On Friday afternoon, I talked with the artist Jesse Walp, whose ongoing show "Life Forms" includes sculptures of imaginary organic life forms meticulously carved out of wood. I'll post an in-depth look at how he created the show's biggest sculpture as part of my next weeky "Closer Look" post, but in the meantime, here's Walp talking about the inspiration for his new work:
The dark and fascinating history of this painting by the French Impressionist master Edgar Degas, a prized part of the Albright-Knox Art Gallery's collection since 1958, was only recently discovered. As Mark Sommer wrote last week in his story about the Albright-Knox's "Monuments Men" exhibition, the painting was one of hundreds of works slated to be shipped out of German-occupied Paris by the Nazis in the final months of World War II. It had been looted from the collection of Jewish art collector Alphonse Kann, who fled Paris for London in 1938 and left much of his collection behind.
In a riveting talk at the gallery last Thursday, collection cataloguer Gabriela Zoller recounted the surprising story of the painting's provenance, which she discovered during some routine research for the gallery's database.In short, Zoller came across a copy of the Nazi catalog card for the painting, which indicated that it had been stolen from Kann's collection, given a new German title and was on its way to Germany when the Allies intervened. As Zoller noted, the Nazis' "documents of theft became the evidence of restitution."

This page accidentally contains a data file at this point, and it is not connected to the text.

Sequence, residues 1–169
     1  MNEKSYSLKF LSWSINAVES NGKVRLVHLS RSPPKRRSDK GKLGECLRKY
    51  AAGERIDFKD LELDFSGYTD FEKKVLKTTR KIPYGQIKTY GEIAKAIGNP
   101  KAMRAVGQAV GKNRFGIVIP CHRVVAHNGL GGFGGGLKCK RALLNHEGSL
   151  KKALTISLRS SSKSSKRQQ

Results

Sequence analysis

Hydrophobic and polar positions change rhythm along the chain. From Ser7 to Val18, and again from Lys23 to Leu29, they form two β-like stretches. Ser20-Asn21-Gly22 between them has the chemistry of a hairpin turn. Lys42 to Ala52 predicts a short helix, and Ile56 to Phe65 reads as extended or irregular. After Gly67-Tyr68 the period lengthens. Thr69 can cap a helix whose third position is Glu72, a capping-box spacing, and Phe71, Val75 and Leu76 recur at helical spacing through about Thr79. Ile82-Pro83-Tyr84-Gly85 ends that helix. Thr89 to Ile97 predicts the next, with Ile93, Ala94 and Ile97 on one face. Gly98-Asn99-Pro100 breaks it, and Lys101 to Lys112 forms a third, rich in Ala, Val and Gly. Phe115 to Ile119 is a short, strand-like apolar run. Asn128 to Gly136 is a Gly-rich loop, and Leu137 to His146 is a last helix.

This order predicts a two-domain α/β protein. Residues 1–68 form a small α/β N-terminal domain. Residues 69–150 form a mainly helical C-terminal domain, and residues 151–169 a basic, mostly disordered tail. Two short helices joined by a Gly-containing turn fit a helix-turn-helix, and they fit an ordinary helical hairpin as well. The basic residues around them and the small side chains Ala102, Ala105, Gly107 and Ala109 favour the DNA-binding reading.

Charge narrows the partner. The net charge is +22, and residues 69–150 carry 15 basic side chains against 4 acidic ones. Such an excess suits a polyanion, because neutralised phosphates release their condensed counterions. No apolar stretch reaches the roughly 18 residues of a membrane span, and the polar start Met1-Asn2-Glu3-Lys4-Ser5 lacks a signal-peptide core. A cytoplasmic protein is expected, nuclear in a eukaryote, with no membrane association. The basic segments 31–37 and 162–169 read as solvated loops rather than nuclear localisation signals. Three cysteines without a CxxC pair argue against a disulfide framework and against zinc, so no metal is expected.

The remarkable full story, transcribed from this video of Thursday's press conference, follows after the jump.
For the past few days, Jason Lloyd Clement, avowed Buffalover and director of community outreach at the National Trust for Historic Preservation, has been sending out cryptic Instagram and Facebook posts about a new project he's working on with Buffalo-born artist Casey Milbrand.
The pair has evidently rented a space next to Sweetness7 on Grant Street (above), where a huge heart with "#Buffalove" hashtag hangs behind windows scrawled with a tic-tac-toe board and an intriguing message: "Can't get enough of this place so we rented a space."
What's in store for the space? Clement, who fell head over heels for Buffalo during the National Trust's conference here in 2011, isn't saying. But keep an eye on the Grant Street space, and this digital one, for more info as he and Milbrand reveal their plans.